Ransomware can be especially insidious because backups may not offer complete protection against these criminals. Such new schemes illustrate why you need to have a professional security service that can keep you up to date on the latest criminal activities in the cyber world. Talk to an MSP about possible protections against ransomware.

Data Breaches are a Question of When, Not If

You hear on the news all of the time about big cyber attacks on large corporations and even government agencies. The trouble with this news coverage is that suggests a distorted view of where cyber attacks are taking place. These attacks are not solely hitting large organizations. Small firms represent a significant portion of those who face cyber attacks. Being small by no means keeps you immune. In fact, small firms can be used as conduits to larger organizations. That is likely what happened in the case of Target Corporation back in 2013

If you’re a small business, then you’re a target for cybercriminals. Last year, 71% of small to medium size businesses were the victims of cyber attacks.

Today’s concern is how you would respond to an attack. 31% of small to medium businesses do not have a plan of action for responding to IT security breaches, and 22% admit that they lack the expertise to make such a plan.

A data breach is disastrous and your response determines whether it’s a survivable disaster. You need to have a statement for customers ready, (47 states require businesses to disclose data breaches), you need to be able to quickly access backups, and you need access to professionals with experience in disaster recovery and business continuity.

Penetration Testing vs. Vulnerability Testing Your Business Network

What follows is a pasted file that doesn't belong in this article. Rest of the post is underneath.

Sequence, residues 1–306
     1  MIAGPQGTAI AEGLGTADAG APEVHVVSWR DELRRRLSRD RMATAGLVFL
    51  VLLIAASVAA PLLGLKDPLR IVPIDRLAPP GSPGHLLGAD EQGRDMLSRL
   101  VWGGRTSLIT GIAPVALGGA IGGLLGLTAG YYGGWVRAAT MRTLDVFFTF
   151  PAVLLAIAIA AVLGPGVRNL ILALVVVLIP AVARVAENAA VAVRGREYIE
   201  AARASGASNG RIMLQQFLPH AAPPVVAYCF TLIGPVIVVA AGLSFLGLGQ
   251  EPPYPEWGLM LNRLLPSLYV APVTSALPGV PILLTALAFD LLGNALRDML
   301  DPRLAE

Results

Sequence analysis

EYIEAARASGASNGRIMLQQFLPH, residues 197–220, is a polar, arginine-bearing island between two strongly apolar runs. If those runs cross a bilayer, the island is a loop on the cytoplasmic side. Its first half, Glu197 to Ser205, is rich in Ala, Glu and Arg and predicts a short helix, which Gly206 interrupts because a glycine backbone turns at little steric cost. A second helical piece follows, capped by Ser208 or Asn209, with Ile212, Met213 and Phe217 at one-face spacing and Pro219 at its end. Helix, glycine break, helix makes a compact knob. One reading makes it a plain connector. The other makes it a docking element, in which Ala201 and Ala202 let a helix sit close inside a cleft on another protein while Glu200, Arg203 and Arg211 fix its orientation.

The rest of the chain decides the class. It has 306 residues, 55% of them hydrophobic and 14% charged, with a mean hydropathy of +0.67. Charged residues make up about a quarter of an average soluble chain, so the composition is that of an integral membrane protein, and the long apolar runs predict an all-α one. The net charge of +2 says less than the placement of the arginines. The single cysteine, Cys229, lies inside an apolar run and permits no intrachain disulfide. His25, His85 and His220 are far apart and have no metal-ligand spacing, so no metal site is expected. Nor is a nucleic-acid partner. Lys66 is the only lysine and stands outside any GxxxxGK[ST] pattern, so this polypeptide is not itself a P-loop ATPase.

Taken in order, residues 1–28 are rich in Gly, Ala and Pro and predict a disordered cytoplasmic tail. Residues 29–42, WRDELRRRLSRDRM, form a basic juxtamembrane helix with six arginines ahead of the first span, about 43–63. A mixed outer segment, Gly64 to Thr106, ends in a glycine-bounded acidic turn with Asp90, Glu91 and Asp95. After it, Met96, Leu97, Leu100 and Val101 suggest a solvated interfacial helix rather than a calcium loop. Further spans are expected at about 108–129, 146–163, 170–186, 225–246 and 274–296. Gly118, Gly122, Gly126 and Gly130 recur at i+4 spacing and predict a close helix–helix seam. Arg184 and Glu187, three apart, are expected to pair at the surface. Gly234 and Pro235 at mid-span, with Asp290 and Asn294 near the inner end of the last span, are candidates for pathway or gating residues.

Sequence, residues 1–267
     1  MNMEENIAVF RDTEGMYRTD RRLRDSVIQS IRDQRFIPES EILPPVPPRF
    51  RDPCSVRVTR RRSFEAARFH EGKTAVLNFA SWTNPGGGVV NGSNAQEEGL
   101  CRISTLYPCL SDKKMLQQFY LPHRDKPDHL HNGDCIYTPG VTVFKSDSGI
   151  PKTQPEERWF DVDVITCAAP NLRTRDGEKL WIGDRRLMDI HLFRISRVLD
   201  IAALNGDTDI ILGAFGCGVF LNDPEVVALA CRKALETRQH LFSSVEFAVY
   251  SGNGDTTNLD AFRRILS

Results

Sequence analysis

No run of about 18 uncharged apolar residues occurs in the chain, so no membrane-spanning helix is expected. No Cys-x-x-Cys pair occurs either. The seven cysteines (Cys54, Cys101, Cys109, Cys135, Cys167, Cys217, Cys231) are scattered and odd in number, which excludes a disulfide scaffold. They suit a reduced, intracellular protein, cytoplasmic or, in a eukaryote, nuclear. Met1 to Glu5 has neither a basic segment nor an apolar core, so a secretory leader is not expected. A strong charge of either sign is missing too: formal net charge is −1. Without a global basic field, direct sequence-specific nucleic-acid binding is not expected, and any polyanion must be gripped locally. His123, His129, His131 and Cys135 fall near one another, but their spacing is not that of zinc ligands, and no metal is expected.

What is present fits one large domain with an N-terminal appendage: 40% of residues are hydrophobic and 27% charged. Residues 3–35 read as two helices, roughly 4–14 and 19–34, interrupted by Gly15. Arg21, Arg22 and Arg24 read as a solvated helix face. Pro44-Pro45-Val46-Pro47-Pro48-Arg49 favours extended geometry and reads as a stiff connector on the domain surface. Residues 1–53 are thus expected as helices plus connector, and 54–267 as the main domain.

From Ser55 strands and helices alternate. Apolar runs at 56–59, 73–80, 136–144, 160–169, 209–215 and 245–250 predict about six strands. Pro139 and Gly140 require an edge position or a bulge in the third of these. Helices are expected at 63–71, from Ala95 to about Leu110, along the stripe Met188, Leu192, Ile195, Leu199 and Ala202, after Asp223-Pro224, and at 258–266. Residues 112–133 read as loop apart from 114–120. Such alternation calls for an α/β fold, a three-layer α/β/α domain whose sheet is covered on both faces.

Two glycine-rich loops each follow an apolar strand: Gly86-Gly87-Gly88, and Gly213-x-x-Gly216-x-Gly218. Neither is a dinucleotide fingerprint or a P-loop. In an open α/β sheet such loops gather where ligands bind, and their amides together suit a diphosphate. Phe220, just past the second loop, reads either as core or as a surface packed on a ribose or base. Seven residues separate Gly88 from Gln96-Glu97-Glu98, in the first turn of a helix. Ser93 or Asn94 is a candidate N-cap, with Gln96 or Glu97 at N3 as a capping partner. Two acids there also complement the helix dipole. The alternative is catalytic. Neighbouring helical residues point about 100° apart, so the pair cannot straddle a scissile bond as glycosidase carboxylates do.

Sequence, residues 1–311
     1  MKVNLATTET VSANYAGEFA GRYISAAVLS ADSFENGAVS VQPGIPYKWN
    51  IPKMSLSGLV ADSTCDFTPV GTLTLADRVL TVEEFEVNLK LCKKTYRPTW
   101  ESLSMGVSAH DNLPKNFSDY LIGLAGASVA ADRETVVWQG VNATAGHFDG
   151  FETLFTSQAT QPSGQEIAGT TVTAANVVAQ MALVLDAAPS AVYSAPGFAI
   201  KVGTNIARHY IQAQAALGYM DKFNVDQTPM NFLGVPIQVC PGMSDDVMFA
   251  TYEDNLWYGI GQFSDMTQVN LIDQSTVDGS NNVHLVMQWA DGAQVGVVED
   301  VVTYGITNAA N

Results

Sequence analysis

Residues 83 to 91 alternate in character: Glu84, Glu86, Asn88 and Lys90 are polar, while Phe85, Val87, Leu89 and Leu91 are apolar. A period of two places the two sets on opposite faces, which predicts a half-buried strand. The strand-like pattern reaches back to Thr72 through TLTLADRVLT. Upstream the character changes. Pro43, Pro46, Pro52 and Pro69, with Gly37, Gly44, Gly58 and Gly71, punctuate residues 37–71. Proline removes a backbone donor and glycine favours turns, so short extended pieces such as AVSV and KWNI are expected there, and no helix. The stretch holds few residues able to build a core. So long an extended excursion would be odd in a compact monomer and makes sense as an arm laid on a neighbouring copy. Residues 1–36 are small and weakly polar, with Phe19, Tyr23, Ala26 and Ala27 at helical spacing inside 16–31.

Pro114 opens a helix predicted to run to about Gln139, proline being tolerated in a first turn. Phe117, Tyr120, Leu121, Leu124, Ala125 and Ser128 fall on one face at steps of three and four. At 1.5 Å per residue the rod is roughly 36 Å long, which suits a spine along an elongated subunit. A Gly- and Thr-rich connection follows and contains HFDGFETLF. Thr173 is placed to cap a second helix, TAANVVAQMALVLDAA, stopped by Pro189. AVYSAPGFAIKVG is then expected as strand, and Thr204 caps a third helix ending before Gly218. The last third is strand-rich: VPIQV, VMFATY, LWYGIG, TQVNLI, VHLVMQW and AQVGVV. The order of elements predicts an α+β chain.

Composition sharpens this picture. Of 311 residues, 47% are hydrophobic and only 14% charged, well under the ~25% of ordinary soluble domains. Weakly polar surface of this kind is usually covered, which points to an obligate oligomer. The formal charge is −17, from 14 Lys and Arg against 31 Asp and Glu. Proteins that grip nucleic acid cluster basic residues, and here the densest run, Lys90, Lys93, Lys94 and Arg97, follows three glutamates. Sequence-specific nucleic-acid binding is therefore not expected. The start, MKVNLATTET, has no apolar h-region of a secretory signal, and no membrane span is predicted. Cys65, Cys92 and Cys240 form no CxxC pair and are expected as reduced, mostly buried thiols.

Hearing “all of your confidential information is extremely vulnerable, we know this because…” is bad news, but whatever follows the ellipses determines just how bad. Consider two scenarios.

  1. “All of your confidential information is extremely vulnerable… we know this because a hacker took all of your customers’ credit card info and locked all of your files behind ransomware.”
  2. “All of your confidential information is extremely vulnerable…we know this because we did a vulnerability scan of your network, and have some suggestions on how you can improve.” 61% percent of small businesses are victimized by cyber attacks each year, and one in five victims do not survive. It is financially worthwhile to make sure that you end up being the person hearing the latter sentence.

Scenario 2 describes the statement after you have had a vulnerability test conducted. A vulnerability test is a comprehensive audit of security flaws that a hacker could exploit, and the possible consequences. This is the equivalent of a doctor giving a physical examination. This information will allow you to know what your risks are and plan your security policies accordingly.